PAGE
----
Van Wylick showed the team how they were adding additional metadata to the dozens of engagements they were tracking in their CRM to stay organized, and they incorporated that capability in an automated way.

“I like the fact that Alex implemented these ideas in the Stand Up Cockpit,” van Wylick says. “I also like the fact that it will boost my productivity.”

[Learn how Microsoft has automated its revenue processing with Power Automate. Find out how Microsoft is monitoring end-to-end enterprise health with Azure.]

The Microsoft Power Platforms and the power of citizen development

The team wanted to enter the Hackathon competition with a viable product to wow the judges. So, they used the Microsoft Power Platform to create a low-code tool that proved the feasibility of the Stand Up Cockpit while demonstrating how sales and IT teams could innovate together using a citizen developer approach.

Collaborating across six different regions on three continents in the first all-virtual Hackathon, the IT team members built the application environment while leaving the user interface up to the sellers to customize as they wished.

Stefan Kummert, a senior business program manager for Microsoft’s Field App and Data Services team, built the cockpit’s components on Microsoft Power Platform. Kummert says the challenge was the ability to create composite models layering Microsoft Power BI data with Microsoft Azure data analysis. While this is in fact a new Microsoft Power Platform Power Apps feature slated for release sometime in November, it wasn’t available to them at the time of the Hackathon in July.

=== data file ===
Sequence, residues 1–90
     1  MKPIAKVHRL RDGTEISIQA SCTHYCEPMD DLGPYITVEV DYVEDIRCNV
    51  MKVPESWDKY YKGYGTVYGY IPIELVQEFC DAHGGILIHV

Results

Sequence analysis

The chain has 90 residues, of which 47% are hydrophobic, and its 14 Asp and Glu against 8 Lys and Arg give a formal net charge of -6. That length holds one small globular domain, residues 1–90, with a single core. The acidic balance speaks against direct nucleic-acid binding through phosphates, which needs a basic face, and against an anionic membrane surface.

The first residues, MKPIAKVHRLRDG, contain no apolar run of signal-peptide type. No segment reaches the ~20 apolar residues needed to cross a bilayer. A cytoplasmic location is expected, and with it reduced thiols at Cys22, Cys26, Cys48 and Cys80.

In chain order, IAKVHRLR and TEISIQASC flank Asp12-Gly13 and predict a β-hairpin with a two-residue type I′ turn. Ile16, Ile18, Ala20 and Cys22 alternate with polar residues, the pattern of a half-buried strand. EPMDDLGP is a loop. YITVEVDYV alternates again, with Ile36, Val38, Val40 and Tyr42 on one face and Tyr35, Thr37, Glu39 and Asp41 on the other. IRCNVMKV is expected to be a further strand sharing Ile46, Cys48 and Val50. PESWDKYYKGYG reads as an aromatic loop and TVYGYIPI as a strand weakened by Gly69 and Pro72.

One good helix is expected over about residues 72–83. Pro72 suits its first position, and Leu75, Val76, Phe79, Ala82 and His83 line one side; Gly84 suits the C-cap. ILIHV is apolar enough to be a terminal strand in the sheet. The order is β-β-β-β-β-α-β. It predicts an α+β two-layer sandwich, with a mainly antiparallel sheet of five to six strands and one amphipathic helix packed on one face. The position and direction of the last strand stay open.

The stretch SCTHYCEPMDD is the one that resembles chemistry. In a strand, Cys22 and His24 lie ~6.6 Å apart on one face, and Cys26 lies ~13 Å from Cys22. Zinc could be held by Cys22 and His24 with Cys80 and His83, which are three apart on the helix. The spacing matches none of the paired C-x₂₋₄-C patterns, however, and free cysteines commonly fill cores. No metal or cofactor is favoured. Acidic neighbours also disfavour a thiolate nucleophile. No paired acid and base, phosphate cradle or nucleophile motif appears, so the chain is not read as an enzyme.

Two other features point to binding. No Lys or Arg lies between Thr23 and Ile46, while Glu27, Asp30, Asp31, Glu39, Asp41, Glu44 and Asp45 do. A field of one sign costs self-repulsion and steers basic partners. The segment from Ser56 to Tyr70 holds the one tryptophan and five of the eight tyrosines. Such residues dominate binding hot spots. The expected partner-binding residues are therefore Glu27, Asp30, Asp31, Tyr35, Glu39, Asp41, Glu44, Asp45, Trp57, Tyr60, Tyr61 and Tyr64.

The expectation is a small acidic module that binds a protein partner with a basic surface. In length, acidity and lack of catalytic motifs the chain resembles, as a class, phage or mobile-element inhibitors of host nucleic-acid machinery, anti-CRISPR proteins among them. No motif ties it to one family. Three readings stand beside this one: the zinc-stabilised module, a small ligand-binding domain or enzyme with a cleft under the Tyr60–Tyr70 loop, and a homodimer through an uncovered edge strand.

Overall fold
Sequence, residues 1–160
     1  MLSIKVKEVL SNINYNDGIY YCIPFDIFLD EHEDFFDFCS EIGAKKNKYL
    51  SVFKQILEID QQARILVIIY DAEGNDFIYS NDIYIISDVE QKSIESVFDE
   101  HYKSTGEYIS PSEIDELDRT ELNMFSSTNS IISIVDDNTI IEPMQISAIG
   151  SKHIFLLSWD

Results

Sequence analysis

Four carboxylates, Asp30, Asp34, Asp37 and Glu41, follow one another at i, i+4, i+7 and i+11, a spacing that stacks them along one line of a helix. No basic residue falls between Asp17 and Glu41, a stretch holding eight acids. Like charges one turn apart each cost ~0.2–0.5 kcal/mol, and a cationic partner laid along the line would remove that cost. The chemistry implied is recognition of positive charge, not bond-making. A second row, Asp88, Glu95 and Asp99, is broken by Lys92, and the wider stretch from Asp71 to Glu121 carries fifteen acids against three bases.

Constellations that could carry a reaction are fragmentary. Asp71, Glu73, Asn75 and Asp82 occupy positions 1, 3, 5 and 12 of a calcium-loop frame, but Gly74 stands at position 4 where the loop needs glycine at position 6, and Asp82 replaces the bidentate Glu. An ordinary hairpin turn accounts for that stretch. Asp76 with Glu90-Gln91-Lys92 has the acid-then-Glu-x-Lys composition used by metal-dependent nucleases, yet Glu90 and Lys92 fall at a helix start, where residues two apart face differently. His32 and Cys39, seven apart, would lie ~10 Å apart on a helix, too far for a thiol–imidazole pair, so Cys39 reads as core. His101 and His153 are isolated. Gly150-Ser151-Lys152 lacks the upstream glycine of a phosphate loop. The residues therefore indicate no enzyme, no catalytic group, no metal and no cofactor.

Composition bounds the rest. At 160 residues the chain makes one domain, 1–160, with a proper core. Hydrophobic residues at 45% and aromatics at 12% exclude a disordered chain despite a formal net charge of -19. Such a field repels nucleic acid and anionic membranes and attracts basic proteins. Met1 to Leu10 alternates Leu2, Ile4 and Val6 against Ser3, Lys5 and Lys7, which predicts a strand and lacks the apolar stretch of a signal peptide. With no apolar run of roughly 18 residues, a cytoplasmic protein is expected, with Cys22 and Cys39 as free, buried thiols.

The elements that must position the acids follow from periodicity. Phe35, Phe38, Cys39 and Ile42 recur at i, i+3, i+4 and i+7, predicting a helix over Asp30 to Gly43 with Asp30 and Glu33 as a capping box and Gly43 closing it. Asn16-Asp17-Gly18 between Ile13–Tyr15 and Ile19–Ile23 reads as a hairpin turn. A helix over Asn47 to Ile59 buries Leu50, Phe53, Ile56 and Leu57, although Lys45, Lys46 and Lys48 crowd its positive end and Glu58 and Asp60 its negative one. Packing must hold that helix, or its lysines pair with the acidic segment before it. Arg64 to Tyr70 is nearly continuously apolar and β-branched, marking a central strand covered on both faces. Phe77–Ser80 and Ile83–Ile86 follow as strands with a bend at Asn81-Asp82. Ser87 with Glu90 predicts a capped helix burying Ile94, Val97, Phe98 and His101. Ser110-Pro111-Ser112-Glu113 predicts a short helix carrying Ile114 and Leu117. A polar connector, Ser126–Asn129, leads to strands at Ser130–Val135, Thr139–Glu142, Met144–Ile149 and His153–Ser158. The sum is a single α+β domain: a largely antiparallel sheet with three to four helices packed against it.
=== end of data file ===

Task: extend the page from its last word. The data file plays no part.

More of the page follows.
“So, we tried to remodel this concept, more or less,” Kummert says. “We factored what’s available out of the box with some other Power Platform building blocks, and that’s what gave us all the functionality we needed.”

Sellers could now integrate their data sources into a composite data model, add custom mapping and commenting, gain insights at the child and business unit levels, and more quickly identify issues and potential for optimizations that would serve their clients. At the end of the Hackathon, they had a working prototype using real customer data.

Graphic illustrates the architecture of the Azure Standup Cockpit. Siloed data sets from different Core Platforms are synthesized into a composite data model which allows configurable views of data customized by the user. The new Azure Cockpit views provide the user with deeper understanding and insight of their client accounts.